Jeramey Jannene
City Hall

Discrimination Lawsuit Will Cost City $400,000

Council grumbles but okays settlement. 'A very bitter pill to swallow,' says Ald. Murphy.

By - Nov 1st, 2022 05:29 pm
Milwaukee City Hall. Photo by Jeramey Jannene.

Milwaukee City Hall. Photo by Jeramey Jannene.

The City of Milwaukee is on the hook for a $400,000 employment discrimination settlement stemming from an unusual place: its Department of Employee Relations.

Royce Flowers Nash claims he was fired in March 2018 after less than a year as the city’s diversity recruiter for complaining about racial discrimination from a supervisor. Nash is a Black male. The supervisor is a white female.

Nash alleges that longtime city human resources director Maria Monteagudo failed to take corrective steps after he complained about his direct supervisor, Kristin Urban. “Rather than take plaintiff’s complaints seriously and make any effort to remedy his situation and prevent further mistreatment, the City and Monteagudo endorsed the behavior and ultimately terminated the plaintiff in a continuation of the very discrimination and retaliation that he brought forward,” says Nash in a 2021 federal complaint.

Nash alleges Urban interacted differently with Black and white employees, and that after he pointed this out she became hostile to him and overloaded him with menial tasks unrelated to his newly-created job.

In 2019 there was a $145,000 settlement offer that the council unanimously rejected, but then more evidence came to light during the discovery process and a state Equal Rights Division investigation. A 2021 lawsuit from Nash sought a judgment for lost wages, compensatory and punitive damages and attorneys fees.

“This item has been the subject of many closed sessions,” said committee chair Mark Borkowski when the Judiciary & Legislation Committee reviewed the measure on Oct. 24. He said the committee previously agreed in closed session to approve the settlement if the figure was $400,000. “Thank you counsel for getting us down to that point.”

“I know that no one us wants to approve this,” said Borkowski, looking for a motion. “Nope,” said Alderman Scott Spiker. Then he moved approval.

“I’ll do this with great reluctance, great reluctance,” said Ald. Michael Murphy. “This is a bitter pill to swallow. A very bitter pill.”

On Tuesday, the full council adopted the settlement without discussion. Nash will receive $250,000. His attorney, Peter J. Fox of Fox & Fox S.C., is to receive $150,000. The city will pay for it out of its contingency fund.

Monteagudo retired in 2020 after 32 years with the city. The city denied any wrongdoing and maintained DER’s claim that Nash was fired for poor job performance and conduct toward his supervisors.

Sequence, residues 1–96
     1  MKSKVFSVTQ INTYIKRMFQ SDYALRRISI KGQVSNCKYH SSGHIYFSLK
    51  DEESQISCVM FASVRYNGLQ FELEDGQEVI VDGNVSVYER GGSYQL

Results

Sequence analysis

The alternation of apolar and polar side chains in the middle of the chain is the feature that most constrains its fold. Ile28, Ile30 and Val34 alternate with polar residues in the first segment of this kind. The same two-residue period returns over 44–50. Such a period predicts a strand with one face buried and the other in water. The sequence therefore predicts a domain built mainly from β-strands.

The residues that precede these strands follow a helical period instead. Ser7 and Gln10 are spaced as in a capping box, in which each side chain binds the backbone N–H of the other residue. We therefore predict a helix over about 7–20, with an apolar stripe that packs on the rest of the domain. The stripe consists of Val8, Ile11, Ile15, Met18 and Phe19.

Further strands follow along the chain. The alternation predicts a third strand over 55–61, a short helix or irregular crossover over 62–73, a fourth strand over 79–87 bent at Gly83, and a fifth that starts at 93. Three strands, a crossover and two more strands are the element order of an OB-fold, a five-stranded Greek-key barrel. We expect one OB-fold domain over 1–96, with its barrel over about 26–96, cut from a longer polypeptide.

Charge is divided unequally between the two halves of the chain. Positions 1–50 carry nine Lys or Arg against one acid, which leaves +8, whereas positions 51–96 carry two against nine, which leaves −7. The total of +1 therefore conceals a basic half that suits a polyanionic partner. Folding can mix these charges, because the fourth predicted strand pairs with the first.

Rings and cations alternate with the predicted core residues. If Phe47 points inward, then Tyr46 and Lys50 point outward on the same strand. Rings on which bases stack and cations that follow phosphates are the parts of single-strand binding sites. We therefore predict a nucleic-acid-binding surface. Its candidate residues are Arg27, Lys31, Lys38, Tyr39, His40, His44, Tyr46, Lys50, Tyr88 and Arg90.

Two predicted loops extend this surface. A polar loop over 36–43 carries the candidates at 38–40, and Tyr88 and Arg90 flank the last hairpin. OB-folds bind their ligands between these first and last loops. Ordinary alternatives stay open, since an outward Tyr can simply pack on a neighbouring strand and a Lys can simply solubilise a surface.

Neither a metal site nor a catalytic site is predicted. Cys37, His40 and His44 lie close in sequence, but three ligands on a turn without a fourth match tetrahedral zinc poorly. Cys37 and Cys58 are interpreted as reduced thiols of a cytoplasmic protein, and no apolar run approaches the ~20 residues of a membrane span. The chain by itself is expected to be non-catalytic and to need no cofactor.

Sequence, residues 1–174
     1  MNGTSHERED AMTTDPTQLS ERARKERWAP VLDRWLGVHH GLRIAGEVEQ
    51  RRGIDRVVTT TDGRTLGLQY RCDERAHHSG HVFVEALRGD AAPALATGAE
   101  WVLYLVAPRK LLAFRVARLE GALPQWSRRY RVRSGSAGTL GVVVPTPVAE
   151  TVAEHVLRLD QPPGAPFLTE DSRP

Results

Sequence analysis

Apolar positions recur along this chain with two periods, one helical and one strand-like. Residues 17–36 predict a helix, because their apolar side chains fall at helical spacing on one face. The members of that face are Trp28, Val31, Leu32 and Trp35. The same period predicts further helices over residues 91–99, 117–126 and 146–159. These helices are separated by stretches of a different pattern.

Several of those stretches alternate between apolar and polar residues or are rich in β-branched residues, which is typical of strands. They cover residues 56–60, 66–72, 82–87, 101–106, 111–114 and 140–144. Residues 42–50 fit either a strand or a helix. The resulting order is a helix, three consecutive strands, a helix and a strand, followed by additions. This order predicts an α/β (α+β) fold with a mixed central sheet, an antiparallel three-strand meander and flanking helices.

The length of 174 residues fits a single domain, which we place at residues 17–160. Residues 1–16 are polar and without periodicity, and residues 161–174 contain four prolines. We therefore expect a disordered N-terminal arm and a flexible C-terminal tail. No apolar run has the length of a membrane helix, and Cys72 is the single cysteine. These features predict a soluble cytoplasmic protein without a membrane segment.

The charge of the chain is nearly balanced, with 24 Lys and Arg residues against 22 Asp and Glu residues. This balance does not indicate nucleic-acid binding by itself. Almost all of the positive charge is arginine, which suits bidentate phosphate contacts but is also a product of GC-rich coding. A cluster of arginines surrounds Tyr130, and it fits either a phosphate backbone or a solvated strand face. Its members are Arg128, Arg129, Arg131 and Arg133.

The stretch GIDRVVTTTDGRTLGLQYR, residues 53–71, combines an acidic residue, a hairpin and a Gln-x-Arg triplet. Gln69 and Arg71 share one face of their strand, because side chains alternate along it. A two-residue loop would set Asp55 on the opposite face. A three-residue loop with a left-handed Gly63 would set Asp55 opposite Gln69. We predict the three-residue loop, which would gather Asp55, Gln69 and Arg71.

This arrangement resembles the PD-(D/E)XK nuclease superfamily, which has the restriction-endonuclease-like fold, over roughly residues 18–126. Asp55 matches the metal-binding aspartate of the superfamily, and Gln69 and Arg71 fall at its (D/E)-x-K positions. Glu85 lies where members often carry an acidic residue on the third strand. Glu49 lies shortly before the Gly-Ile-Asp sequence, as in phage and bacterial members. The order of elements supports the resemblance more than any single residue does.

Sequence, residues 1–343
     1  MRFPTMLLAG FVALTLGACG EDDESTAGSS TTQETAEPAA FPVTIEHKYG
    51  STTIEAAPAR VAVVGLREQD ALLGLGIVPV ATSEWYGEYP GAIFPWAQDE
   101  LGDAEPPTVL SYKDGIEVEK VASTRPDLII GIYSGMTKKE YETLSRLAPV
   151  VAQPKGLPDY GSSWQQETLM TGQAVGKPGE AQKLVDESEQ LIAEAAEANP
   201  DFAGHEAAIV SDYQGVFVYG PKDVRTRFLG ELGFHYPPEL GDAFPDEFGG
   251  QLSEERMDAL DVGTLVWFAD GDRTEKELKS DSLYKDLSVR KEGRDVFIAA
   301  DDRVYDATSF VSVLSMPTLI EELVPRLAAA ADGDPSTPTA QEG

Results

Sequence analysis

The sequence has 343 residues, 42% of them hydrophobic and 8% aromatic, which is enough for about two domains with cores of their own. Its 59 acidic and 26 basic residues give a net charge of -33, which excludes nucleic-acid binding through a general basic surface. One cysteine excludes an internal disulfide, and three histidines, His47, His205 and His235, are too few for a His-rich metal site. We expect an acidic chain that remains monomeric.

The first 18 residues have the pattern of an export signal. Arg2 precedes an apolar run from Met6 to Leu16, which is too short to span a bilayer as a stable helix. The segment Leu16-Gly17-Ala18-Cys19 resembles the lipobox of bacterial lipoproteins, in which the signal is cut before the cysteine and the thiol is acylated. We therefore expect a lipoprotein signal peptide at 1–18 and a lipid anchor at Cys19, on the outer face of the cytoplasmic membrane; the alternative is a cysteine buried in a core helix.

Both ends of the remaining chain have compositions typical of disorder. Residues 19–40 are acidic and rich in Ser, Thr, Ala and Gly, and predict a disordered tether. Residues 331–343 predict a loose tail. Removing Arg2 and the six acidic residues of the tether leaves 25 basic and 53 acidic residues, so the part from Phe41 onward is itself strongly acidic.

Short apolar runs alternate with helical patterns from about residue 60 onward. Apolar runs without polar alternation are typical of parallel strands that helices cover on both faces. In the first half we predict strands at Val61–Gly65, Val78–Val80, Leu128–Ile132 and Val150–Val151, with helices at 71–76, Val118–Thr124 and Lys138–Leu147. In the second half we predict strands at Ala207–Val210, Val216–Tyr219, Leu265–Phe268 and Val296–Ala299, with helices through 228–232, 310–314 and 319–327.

The human resources department, since this summer, is now led by Harper Donahue, IV.

Outside Attorney Fees

The council also authorized spending an additional $85,000 with outside firm Davis Kuelthau and $5,428.89 with an expert witness to defend Alderman Robert Bauman‘s 2007 statements about a troubled housing facility at 2713 W. Richardson Pl. It previously authorized spending $240,000 for the law firm and $20,000 for the expert witness.

“We believe there is a good chance of success on the merits on the appeal,” said deputy city attorney Robin A. Pederson when the judicial committee reviewed the proposal. It’s a 15-year-old lawsuit that has twisted and turned through the legal system.

In February, a jury reviewed three claims made by Bauman before ruling against the alderman and issued a $1.4 million verdict against the city. It found that he acted outside the scope of his employment and abused his free speech rights in criticizing the facility and seeking to have it closed. Bauman, in a February interview, defended his comments because they were “absolutely true.” The City of Milwaukee scored a major legal victory in May as Judge Pedro Colon reversed the $1.4 million jury verdict against Bauman. The judge ruled there is no evidence that Bauman acted with “actual malice” in criticizing a since-demolished housing facility for disabled residents in the alderman’s near west side district. The case is now being appealed.

“Unfortunately defense is expensive regardless of the merits of the claim,” said Pederson.

Categories: City Hall, Politics, Weekly

One thought on “City Hall: Discrimination Lawsuit Will Cost City $400,000”

  1. mkwagner says:

    All I have to say to the members of the Common Council is, this is a bitter pill of your own making. You could have settled for $145,000 in 2019 but you voted against that settlement. Why? Is it because you believe white women over black men? That is racism, pure and simple. Or could it be that you believed supervisors over their reportees? Either way, you chose to believe the oppressor over the oppressed with little if any investigation. Ultimately who pays the price? It’s the tax payers, the majority of whom have spent their lives dealing with discrimination. You owe Royce Nash a humble apology AND you owe Milwaukee tax payers an apology for your incompetence.

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